December 15, 2000


Don't Count Me Out

By James E. Garcia

I'm feeling a little disenfranchised.

In the modern-day parlance of U.S. presidential politics, this, of course, means I'm worried my vote may not have counted.

I don't mean to sound naive, but at what point did the press get bored with the idea that the presidential race could be decided by Latino voters?

Remember how early in the campaign Al Gore and George W. Bush were telling us how much they just adored all things Latino.

"Te quiero mucho!" "I really like you guys," Gore proclaimed at every possible turn. While Señor Bush gushed and gloated about "la sangre Hispana en mi familia." Meaning he had Hispanic blood coursing through his family tree — or at least one of its branches. Brother Jeb, as we all now know, is married to a Mejicana, who managed to beget a model campaign surrogate, Bush's hunky and exponentially more articulate nephew, George P. Bush.

P, some said, stood for pretty. It also stood for pure political expediency — though, no more so than Gore's crass claim that he'd love nothing more than to have his next grandson born on Cinco de Mayo — the anniversary of the famous Mexican battle against the French.

Aye, aye, aye!

Still, as the campaign dragged on Gore and Bush did a decent job of keeping their eyes on the Latino prize.

With President Clinton shoring up Black support and Joe Lieberman corralling the Jewish vote, Gore turned to a star-studded team featuring the Great Brown Hope, Henry Cisneros, to spread the word to Latinos Democrats far and wide.

The Bush team, in turn, blanketed Spanish-language radio and TV with its unadorned, if vacuous, appeal to Hispanic family values.

Alas, by summertime the mainstream press all but lost interest in the story of how, or why it even mattered, that Latinos could impact the presidential contest.

I was disappointed but hardly surprised, given that relatively few Latinos work in mainstream news media, and even fewer still fill the ranks of those assigned to cover politics — this in a nation where more than 1 of 10 Americans is Hispanic.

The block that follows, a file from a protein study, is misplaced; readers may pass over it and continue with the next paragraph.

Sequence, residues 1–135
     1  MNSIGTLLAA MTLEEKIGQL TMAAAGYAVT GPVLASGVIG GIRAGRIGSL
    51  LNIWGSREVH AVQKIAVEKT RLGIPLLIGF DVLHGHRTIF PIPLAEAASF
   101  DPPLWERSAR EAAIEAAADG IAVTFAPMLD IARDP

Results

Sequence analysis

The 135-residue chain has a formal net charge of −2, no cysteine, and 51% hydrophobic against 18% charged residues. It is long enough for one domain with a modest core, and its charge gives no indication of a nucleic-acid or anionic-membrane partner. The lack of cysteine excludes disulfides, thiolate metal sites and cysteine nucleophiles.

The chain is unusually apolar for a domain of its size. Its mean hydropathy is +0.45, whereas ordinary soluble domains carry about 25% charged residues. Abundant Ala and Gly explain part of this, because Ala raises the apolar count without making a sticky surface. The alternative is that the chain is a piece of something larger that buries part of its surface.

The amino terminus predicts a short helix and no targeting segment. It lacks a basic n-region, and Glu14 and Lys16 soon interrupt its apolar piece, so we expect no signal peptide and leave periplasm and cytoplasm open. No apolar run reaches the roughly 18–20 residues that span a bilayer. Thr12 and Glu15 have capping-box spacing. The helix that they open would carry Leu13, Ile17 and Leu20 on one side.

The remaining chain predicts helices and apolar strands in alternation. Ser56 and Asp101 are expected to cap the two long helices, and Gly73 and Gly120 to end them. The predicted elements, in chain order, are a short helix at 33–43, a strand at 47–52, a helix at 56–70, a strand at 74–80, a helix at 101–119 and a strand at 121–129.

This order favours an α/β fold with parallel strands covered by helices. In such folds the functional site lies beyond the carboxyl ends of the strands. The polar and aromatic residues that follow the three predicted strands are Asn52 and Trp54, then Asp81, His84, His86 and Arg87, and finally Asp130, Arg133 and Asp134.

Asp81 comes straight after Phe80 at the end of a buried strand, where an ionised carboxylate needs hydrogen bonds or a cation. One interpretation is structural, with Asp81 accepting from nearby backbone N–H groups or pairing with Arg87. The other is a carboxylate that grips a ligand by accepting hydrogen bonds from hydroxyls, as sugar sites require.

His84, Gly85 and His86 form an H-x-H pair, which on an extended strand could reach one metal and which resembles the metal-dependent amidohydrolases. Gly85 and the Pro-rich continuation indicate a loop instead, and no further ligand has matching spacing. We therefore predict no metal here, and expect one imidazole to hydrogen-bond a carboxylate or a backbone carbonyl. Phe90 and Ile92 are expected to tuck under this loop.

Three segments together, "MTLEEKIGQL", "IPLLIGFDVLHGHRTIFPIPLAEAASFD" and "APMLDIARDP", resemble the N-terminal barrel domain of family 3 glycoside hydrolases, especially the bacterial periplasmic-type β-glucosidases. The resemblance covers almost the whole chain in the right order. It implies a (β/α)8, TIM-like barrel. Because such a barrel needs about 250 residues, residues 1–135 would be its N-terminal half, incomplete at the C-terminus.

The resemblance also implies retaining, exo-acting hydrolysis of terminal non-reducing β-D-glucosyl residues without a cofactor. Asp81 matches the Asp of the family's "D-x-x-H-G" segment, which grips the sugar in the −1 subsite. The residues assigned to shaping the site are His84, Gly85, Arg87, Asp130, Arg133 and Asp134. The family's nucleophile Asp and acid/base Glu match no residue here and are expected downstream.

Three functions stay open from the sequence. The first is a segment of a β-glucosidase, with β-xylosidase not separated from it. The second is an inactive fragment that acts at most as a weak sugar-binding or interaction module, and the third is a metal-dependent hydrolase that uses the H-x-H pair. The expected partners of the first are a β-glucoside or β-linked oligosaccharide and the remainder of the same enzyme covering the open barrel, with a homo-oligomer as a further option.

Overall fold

The novelty, at least as far most of the press was concerned, had worn off. So they moved on.

End of story? Maybe not.

Fast forward to the election day fiasco we've now come to know and love as the Florida recount. As the courts hash out whether Bush or Gore won by the thinnest of razor-thin margins, all sides agree the outcome will be decided by just a few hundred or a few thousand votes.

Either way, I would argue that Latinos were the deciding factor in Florida's presidential vote count.

Oh, sure, blacks turned out 90 percent plus for Gore, and most Jewish seniors stuck with the vice president in the end. And, yes, most overseas military personnel picked Bush, as did conservative voters in the Florida Panhandle.

But think for a moment what might have been if Gore hadn't ticked off so many Cuban Americans in the Elian affair? Or if Bush had abandoned the GOP's right-wing by backing a proposal to let more illegal immigrants remain in the United States?

When it's all said and done, who's to say it wasn't Latinos, instead of African American or Jewish voters, who actually picked our next president?

Then again, I hear Florida has an unusual concentration of near-sighted people who are all thumbs. So maybe they're the ones who really deserve the credit.

Aye, aye, aye...Maybe we all should have voted for Ralph Nader. Or maybe it was us who mistakenly voted for Pat Buchanan.

James Garcia is editor and publisher of, a webzine covering Latino politics.

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